Philbrick: How can we stop harassment on public transit?
A VTA light rail train arrives at the Metro/Airport station in San Jose in this file photo.

The train car is empty, but the man sits in the seat right beside you. When you avoid eye contact, he stares too long at you. Brushes his hand against your leg. There is nowhere to go and no one to tell, and suddenly an easy ride home feels increasingly uncomfortable and potentially dangerous.

Many women who use public transportation have come to expect harassment as part of the experience — this is unacceptable. In order to change this disturbing reality, the facts must first be documented: why is this happening, who is it happening to and what can be done now and in the long run to stop it?

Recently, researchers from the Mineta Transportation Institute developed a survey tool that California transit operators can use to gather information from passengers about the extent, location and characteristics of any street harassment they have experienced.

The study was conducted in accordance with Senate Bill 1161, which was introduced by state Sen. Dave Min in 2022. More recent legislation from Sen. Min, Senate Bill 434, requires California’s 10 largest transit agencies to document passenger experiences with harassment using the Mineta Transportation Institute survey or an equivalent and report the findings by the end of 2024. The survey instrument was produced in English, Spanish and Chinese. It is also available in 11 Asian American Pacific Islander (AAPI) languages thanks to support from Stop AAPI Hate.

Street harassment can include verbal, non-verbal and physical behaviors. Examples include cat-calling, racist gestures, groping and spitting. Harassment acutely affects mental health and can even cause post-traumatic stress disorder symptoms and/or worsen existing depression, anxiety and other mental health conditions. Even just the fear of harassment and these behaviors escalating into further harm leads many potential transit riders to ride only at certain times of day or only when traveling with a companion — some even stop riding transit altogether.

Unfortunately, street harassment happens everywhere, including on transit. But this widely recognized phenomenon has historically gone largely undocumented. Although harassers can target victims based on different personal characteristics such as perceived gender, race, disability or sexual orientation, harassment can happen to anyone.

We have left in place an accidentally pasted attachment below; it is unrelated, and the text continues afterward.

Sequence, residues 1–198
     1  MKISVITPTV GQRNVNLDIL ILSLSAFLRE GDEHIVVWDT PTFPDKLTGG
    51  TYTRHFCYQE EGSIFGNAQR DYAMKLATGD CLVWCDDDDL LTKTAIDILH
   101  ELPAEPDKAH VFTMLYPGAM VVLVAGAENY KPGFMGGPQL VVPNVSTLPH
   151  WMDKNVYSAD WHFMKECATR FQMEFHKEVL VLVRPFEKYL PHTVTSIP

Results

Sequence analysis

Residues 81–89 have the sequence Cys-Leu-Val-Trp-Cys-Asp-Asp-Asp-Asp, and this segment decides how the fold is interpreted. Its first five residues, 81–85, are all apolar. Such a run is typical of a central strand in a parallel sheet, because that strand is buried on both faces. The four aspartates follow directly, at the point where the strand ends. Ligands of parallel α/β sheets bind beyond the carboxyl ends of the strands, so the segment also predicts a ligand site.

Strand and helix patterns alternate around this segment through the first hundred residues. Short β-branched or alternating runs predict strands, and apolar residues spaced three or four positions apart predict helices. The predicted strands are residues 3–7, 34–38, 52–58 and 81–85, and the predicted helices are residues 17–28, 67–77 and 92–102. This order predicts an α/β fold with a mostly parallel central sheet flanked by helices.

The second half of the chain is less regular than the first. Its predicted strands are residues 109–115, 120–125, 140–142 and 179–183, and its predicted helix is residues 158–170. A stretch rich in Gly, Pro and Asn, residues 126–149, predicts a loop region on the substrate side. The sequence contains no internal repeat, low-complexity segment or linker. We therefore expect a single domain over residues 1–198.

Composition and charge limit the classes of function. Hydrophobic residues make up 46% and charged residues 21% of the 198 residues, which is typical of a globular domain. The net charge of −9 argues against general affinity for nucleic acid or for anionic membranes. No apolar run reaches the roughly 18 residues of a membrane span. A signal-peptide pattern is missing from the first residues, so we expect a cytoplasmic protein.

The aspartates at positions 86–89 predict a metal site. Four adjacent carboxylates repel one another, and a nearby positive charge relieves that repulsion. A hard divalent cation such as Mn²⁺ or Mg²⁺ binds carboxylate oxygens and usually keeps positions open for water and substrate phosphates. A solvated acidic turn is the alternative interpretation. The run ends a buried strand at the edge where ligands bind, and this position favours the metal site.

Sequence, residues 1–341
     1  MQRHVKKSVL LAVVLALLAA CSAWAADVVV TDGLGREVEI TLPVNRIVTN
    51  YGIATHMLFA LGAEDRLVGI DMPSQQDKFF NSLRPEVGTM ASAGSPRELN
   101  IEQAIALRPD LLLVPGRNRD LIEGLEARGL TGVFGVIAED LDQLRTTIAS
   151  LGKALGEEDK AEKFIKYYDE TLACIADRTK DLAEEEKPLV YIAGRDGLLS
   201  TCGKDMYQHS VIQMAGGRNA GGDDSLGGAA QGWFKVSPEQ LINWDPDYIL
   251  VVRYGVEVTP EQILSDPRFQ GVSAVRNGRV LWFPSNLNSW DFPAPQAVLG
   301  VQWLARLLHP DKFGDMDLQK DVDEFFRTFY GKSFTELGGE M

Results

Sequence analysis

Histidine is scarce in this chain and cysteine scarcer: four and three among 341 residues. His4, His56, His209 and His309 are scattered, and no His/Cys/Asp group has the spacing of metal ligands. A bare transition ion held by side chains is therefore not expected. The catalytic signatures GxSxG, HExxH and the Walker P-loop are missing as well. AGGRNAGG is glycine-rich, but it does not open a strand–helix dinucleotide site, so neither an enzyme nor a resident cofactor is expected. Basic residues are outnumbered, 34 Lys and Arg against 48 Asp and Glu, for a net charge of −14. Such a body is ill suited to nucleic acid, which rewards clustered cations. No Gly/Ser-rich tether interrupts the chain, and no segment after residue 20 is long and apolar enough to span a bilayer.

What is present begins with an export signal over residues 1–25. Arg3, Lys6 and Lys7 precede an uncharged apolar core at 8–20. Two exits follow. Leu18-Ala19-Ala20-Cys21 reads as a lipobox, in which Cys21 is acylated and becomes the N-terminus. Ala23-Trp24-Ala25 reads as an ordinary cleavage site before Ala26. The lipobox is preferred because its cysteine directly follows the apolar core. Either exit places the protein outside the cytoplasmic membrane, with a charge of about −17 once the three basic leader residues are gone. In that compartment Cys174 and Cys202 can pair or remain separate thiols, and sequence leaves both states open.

This is not a California or even a U.S. problem. For example, despite Japan’s low crime rate, the country has long grappled with rising sexual assault on transit despite efforts to combat it like introducing women-only train cars. Some reports indicate about 75% of all Japanese women have been groped — but few victims report when they have been assaulted, possibly due to fear of not being believed or not supported.

Nationally, the past few years have seen a rise in harassment and hate crimes against AAPI individuals. Here in California and around the world, women, girls and gender-expansive individuals are most likely to be targeted. Throughout the U.S., this is also especially true of girls and women who are low income and/or people of color.

The ongoing issue of street harassment on public transportation demands urgent attention. Street harassment can impact individuals regardless of gender, race or background, but more research must be done on who is most likely to be targeted and how to ensure their safety. Collective efforts toward dismantling the culture of harassment and prioritizing the well-being of vulnerable passengers will foster a safer and more inclusive public transportation environment for all.

San José Spotlight columnist Karen E. Philbrick is the executive director of the Mineta Transportation Institute, a research institute focusing on multimodal surface transportation policy and management issues.

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